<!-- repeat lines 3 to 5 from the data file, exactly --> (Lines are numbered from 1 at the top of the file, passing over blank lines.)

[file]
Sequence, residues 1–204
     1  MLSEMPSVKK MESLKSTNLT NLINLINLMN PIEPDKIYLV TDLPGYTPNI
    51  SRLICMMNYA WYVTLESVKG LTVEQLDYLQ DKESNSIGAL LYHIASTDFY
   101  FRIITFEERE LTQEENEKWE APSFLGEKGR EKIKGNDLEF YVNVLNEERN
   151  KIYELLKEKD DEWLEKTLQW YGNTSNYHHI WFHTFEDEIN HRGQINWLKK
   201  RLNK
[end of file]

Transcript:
    51  SRLICMMNYA WYVTLESVKG LTVEQLDYLQ DKESNSIGAL LYHIASTDFY
   101  FRIITFEERE LTQEENEKWE APSFLGEKGR EKIKGNDLEF YVNVLNEERN
   151  KIYELLKEKD DEWLEKTLQW YGNTSNYHHI WFHTFEDEIN HRGQINWLKK